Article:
Topič salon

Explore the history of this important cultural centre in Prague with us.


Family history predetermines the path for future generations. This Art Nouveau house standing on Národní třída has influenced numerous destinies and has been shaping Czech society for over 125 years. The grandson of the owner, Martin Jan Stránský, completed his life objective with its restoration. The unmistakable yellow house with a beautifully decorated Art Nouveau facade is known to all Prague citizens as Topič Salon. The name Topič is also mentioned on the building’s mosaics on both sides and in the centre of the balcony. It refers both to the investor and the original purpose of the building – František Topič, who was born in 1858 in Chvalín near Roudnice and came to Prague to study at a business academy.

Topič earned his living as an accountant and, in his spare time, wrote articles for České noviny calling for greater national awareness and defence against excessive Germanization. With his articles, Topič reacted to the events of the time when Czech representatives returned to the Reichstag and began to reassert their rights after 16 years of passive resistance. In 1880 Czech was elevated to an official language. In 1882, the University of Prague was divided into Czech and German sections. The National Theatre was ceremonially opened in June 1881, and in May 1891 the National Museum building was presented to the public. This led to an increasing interest in Czech books and art, which was also stimulated among the general public by national revivalists and publishers.

In Prague, the most prominent persons of this group were Jan Otto, Josef Richard Vilímek, and František Topič. Since 1888, Jan Otto had published a unique encyclopaedia, Otto’s Encyclopedia, while J. R. Vilímek published the weekly Humoristické listy, almanacs, and games. František Topič focused mainly on works of Czech contemporary authors, which he had illustrated by Czech artists. Other publishing houses also collaborated with artists, but it was František Topič who very soon realised the role of pictorial works for the promotion of books and systematically built relationships with illustrators, graphic artists, and painters. This is also why he founded one of the first private art galleries in the Czech Republic – Topič Salon.

Indisputable talent

František Topič is a shining example of the fact that a combination of noble intention, strong will, diligence, and unconventional thinking leads to lasting values. However, his unforgettable imprint on Czech history came by a freak of chance. In 1881, František Topič wrote a critical article titled ‘An Honest Word to Our Traders on the Unsatisfactory Working Conditions in Bookstores’. This drew the attention of František Šimáček, the publisher and owner of the České noviny newspaper. He offered Topič a position of an accountant, and the young František soon married Šimáček’s niece, Terezie Šulcová. Her dowry enabled Topič to open a bookstore together with his father-in-law as a partner – located on Ferdinandova třída 9 (today’s Národní 9). In reality, however, only the couple worked in the store, and the father-in-law only provided a publishing concession.

Two years later, František Šimáček died and, in 1886, František Topič opened a bookstore and publishing house under his own name. In his publications, he tried to popularise Czech culture and promote national awareness, inviting famous authors such as Božena Němcová, K. H. Borovský, K. V. Rais, Jan Neruda, and Svatopluk Čech to collaborate. He also published art books presenting Czech and foreign works. For his new bookstore, František Topič chose the modern Ferdinandova třída, a business artery ending at the National Theatre, where there were 11 bookstores. It was lined with exhibition houses in a predominantly classicist style, which gradually over time gave way to historicizing construction.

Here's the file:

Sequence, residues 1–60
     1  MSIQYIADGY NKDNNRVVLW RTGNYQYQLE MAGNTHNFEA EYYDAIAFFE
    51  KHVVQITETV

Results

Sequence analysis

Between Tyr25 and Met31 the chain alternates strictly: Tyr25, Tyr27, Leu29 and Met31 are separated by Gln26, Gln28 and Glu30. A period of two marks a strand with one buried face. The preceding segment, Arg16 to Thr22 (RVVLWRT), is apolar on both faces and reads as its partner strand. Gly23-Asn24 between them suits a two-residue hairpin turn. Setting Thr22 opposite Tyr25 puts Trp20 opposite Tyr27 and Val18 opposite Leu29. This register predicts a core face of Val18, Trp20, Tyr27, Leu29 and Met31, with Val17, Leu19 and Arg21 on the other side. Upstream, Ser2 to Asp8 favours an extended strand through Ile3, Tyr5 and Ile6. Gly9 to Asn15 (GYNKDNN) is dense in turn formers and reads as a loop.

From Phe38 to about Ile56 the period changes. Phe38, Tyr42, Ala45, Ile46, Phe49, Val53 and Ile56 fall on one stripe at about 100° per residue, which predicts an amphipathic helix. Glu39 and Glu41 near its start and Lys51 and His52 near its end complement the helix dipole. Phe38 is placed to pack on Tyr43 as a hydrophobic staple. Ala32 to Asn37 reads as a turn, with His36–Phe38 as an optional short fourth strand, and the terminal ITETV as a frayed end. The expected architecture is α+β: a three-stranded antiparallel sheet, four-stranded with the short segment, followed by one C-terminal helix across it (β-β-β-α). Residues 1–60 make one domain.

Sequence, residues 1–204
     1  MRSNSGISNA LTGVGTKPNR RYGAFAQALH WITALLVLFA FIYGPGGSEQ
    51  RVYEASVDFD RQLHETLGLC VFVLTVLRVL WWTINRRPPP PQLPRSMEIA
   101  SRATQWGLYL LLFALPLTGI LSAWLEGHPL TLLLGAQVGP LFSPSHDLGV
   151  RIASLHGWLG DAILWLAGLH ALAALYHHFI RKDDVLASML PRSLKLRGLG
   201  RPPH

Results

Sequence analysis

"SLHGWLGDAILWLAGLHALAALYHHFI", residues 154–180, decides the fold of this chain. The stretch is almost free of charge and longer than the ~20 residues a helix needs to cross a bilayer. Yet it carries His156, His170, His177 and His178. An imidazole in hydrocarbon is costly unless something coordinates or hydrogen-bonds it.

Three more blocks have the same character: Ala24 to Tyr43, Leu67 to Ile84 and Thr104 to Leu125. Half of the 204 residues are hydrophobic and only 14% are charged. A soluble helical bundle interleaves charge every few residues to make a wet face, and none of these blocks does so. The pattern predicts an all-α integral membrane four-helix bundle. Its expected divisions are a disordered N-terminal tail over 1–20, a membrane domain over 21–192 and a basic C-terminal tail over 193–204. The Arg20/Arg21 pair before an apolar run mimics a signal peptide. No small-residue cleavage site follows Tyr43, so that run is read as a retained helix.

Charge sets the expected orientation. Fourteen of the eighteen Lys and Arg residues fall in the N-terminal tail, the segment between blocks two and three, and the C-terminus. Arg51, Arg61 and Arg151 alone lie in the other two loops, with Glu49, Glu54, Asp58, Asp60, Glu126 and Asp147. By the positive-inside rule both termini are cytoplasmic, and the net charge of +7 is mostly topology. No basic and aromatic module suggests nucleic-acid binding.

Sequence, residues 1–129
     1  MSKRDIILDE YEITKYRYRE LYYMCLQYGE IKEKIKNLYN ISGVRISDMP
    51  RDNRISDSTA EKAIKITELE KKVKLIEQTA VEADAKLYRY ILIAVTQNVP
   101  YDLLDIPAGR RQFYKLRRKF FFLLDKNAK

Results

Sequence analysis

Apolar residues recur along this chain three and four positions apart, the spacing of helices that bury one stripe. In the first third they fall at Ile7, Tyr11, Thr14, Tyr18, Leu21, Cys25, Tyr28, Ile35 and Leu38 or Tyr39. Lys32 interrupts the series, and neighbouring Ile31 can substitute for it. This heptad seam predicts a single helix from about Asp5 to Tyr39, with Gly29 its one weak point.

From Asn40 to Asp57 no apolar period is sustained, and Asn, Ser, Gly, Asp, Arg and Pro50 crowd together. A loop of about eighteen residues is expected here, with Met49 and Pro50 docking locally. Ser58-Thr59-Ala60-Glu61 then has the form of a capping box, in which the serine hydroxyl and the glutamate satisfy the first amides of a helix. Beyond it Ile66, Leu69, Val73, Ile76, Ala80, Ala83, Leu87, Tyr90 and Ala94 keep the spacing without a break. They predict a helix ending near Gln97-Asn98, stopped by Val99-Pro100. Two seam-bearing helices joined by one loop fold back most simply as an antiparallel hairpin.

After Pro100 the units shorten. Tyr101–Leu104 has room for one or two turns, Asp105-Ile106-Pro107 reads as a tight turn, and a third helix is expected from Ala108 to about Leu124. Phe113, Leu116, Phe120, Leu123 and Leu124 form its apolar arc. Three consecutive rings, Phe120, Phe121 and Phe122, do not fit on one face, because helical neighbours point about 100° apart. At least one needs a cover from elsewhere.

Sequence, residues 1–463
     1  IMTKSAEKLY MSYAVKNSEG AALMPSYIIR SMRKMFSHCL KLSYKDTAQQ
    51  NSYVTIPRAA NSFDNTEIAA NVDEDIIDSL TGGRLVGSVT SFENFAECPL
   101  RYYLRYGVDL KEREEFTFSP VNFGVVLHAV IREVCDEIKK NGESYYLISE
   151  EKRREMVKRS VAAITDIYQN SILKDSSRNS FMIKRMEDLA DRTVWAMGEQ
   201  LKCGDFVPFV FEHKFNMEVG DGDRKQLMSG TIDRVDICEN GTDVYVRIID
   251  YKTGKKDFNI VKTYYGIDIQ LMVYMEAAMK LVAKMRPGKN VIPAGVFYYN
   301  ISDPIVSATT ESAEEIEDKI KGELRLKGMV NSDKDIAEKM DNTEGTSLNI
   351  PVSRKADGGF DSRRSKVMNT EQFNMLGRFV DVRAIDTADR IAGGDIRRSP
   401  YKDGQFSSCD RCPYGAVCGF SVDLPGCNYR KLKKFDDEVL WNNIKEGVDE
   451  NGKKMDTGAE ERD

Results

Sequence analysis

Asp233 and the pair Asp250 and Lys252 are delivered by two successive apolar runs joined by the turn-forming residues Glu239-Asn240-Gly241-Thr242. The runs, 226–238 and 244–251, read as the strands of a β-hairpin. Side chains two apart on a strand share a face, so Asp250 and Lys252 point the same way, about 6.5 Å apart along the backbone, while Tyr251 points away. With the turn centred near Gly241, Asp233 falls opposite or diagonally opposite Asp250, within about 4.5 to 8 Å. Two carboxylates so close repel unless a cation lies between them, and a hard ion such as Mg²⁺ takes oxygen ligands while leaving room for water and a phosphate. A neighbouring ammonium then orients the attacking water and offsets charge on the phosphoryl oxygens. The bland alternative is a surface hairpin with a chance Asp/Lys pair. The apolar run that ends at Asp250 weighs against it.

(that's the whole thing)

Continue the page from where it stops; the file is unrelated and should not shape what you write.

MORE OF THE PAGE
Topič originally moved into a building that belonged to Prague Association. He had the partitions on the ground floor removed and connected into one large space. He then replaced the classicist lining on the facade with massive shop windows in which he presented current publications, as well as music and artistic artifacts. In deciding to build a sales art gallery Topič may have drawn inspiration from his neighbour, the publisher Mikoláš Lehmann, or perhaps he gave utterance to his love for art, which he shared with his wife (a distant relative of the Náprstek sisters). In the courtyard of the former garden of the Jezdinská pilsner tavern, Topič built a one-storey building with a rectangular floor plan and a glazed roof. From October 1894 until its closure in 1899, 35 exhibitions of Czech and foreign authors were held there.

From tenant to owner

With the growing production and popularity of the bookstore, František Topič began looking for new premises. In 1905, he acquired a neighbouring three-storey building from Konstantin Nádherný and Ervína of Borutín. It was here that the Lehmann Gallery was located. He commissioned the architect Osvald Polívka to renovate the building. The facade is dominated by a balcony with a projecting central section on the first floor and an accentuated entrance, which forms an inverted letter T. The name F. Topič also decorates the railings on the balcony and mosaics in the rounded attic gables on the sides. The main entrance was relocated from the centre to the right side, which resulted in moving the staircase and opening up the main room on the ground floor for commercial purposes. There were large shop windows facing the street.